Should your B2B SaaS offer a Black Friday deal?

Published in Case Studies
October 18, 2023
3 min read
Should your B2B SaaS offer a Black Friday deal?

Balancing short-term gains with long-term retention

If you’re a PM for a developer tool SaaS, you probably know that embracing Black Friday requires a delicate balance between short-term gains and long-term customer retention. While the prospect of increased sales is enticing, product managers must also consider the lasting impact on customer satisfaction and retention. In this article, we will delve deeper into the strategic considerations of offering Black Friday deals while emphasizing the importance of prioritizing customer retention over immediate adoption.

Here are the pros of offering a Black Friday deal for your B2B SaaS:

  1. Boost in sales volume: Offering a Black Friday deal can lead to a surge in sales, providing a short-term boost in revenue. The event’s sense of urgency and excitement can prompt potential customers to make quicker purchasing decisions.

  2. Competitive advantage: Participating in Black Friday can give your product a competitive edge, attracting attention in the crowded market of devtools. A well-promoted discount can attract attention and encourage users to choose your product over others, especially if your direct competitors are not used to offering a Black Friday deal.

Here are the cons I found when investigating whether or not we should offer a Black Friday deal for our Email API:

  1. Perceived value decrease: One major drawback is the potential decrease in perceived value. Discounting your devtool could convey that it is not worth its regular price, leading customers to question the quality and value they are receiving.
  2. Risk of attracting the wrong customer base: Black Friday attracts a wide range of customers seeking deals. Offering discounts may attract users solely motivated by the reduced price rather than the product’s inherent value, potentially cheapening the user base.

Indirectly, because you may attract the wrong crowd, this can result in deadly users who do not know how to use your product. This, in turn, generates an extensive customer support workload, worsens your reputation, and will most likely increase your churn rate.

  1. Increased customer support workload: Black Friday deals often lead to a surge in customer inquiries, support tickets, and potential issues. The increased workload on the customer support team may impact their ability to provide quality service and support.

  2. Misalignment with B2B target audience: Devtools typically target business professionals who operate within a more structured and complex purchasing process involving multiple departments. The Black Friday frenzy may not align with the business-oriented mindset of these customers, especially considering that many business people do not work on Black Friday in the US. Also, monetary discounts may not entice or convince professional buyers with a larger spending budget than consumers.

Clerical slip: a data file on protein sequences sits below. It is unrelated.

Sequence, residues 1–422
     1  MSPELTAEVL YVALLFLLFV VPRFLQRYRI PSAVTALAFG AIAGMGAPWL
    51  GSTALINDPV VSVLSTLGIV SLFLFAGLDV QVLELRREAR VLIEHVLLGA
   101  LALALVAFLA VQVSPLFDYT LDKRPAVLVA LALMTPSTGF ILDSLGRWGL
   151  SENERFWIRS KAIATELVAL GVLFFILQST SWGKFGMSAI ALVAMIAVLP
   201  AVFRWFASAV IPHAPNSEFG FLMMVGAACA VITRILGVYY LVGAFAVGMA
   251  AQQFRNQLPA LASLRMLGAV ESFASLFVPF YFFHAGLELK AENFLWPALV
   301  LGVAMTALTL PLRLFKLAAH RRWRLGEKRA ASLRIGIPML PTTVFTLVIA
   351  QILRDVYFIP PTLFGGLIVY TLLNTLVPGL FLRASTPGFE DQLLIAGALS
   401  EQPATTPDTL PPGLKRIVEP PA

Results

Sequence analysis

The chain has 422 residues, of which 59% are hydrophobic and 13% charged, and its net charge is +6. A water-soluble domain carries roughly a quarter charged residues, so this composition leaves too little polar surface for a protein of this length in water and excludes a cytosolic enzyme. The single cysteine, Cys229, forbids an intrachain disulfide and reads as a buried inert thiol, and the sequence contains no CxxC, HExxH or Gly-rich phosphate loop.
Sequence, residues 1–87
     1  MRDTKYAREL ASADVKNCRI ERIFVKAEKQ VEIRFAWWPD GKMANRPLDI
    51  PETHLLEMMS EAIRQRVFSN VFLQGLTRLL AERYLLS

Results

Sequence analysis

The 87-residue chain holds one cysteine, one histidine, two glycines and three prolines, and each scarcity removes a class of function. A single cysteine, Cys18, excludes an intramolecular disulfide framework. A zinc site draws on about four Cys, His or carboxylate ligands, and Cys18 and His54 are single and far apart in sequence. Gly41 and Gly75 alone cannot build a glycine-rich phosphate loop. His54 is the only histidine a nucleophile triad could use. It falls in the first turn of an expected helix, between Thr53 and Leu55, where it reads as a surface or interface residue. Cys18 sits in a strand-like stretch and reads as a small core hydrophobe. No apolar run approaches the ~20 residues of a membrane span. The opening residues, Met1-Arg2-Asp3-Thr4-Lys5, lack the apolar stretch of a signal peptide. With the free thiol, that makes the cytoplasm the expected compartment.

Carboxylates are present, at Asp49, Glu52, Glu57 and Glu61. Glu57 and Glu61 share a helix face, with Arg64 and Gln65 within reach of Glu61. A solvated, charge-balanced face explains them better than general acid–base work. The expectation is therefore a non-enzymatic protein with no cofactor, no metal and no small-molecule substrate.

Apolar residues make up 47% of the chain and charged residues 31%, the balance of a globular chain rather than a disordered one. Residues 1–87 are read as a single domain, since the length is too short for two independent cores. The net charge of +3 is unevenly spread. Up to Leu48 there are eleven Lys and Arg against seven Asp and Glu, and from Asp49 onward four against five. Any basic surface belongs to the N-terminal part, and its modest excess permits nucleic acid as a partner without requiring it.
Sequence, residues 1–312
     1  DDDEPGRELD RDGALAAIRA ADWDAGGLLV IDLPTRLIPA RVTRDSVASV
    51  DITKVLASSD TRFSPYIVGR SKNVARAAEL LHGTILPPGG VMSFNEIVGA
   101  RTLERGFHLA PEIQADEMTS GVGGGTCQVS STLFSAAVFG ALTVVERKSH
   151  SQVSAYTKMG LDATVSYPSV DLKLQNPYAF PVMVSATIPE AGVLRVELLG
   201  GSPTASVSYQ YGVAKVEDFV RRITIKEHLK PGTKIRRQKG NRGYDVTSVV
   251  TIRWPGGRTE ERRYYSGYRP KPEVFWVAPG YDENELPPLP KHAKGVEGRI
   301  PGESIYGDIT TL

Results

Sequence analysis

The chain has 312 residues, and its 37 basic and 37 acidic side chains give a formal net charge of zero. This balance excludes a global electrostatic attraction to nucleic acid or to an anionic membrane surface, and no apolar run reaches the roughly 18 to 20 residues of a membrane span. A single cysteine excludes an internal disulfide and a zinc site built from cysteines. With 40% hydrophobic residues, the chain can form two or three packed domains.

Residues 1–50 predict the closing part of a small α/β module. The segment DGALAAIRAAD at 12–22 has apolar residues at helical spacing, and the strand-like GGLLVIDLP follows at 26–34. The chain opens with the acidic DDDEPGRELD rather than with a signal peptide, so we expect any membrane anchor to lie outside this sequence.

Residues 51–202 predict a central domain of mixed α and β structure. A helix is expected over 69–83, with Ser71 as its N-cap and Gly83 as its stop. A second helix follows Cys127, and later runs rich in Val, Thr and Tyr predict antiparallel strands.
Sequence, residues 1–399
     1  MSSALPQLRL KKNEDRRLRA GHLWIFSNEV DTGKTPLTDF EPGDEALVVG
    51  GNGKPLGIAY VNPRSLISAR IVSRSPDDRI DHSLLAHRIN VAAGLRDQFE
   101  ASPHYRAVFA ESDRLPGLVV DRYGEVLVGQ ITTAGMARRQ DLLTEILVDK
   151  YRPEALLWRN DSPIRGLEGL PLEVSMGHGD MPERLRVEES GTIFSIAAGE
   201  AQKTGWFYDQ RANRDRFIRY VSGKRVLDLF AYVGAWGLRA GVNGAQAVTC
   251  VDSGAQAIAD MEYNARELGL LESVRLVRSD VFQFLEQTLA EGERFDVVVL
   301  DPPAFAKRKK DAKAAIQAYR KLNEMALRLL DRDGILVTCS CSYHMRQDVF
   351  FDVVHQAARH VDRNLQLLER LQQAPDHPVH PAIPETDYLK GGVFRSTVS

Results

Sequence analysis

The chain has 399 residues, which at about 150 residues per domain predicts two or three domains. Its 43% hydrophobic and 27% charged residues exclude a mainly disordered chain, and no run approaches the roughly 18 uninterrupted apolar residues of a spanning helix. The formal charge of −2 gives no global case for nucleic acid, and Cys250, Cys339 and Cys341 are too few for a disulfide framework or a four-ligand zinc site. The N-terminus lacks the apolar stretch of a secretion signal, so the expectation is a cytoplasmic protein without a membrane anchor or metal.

Focus on Customer Acquisition Costs

While the short-term benefits of a Black Friday deal are apparent, product managers must consider the long-term implications. Investing in customer retention strategies often yields more sustainable results. Here’s why:

  1. Customer Acquisition Costs (CAC): Acquiring new customers usually incurs higher costs than retaining existing ones. You could use the resources spent on marketing, sales, and customer support for new customers more efficiently by fostering loyalty among the current user base.

  2. Satisfied customers as advocates: Satisfied customers are likely to remain loyal and can also advocate for your product. Word-of-mouth recommendations and positive reviews can be powerful tools for attracting new customers organically.

  3. Long-term revenue growth: A focus on customer retention contributes to long-term revenue growth. Loyal customers are likelier to explore additional features and services, providing a consistent revenue stream that compounds over time.

While the allure of Black Friday promotions is undeniable, product managers in the B2B SaaS space must adopt a nuanced strategy considering both short-term gains and long-term customer retention. Rather than solely focusing on increasing adoption, prioritizing customer satisfaction and loyalty can yield more sustainable results.

Instead of discounts, I recommend you consider targeted promotions for existing high-value users, initiatives that give back to the open-source community, or even co-marketing opportunities with tools with a user base similar to yours.

In the end, yes, your conversion rate will be through the roof. But your user churn will take a hit. If it does, your Retention, Referral, and Revenue metrics will do too. Do you really want that?

I swear I'll write an article on the AARRR framework soon
I swear I'll write an article on the AARRR framework soon


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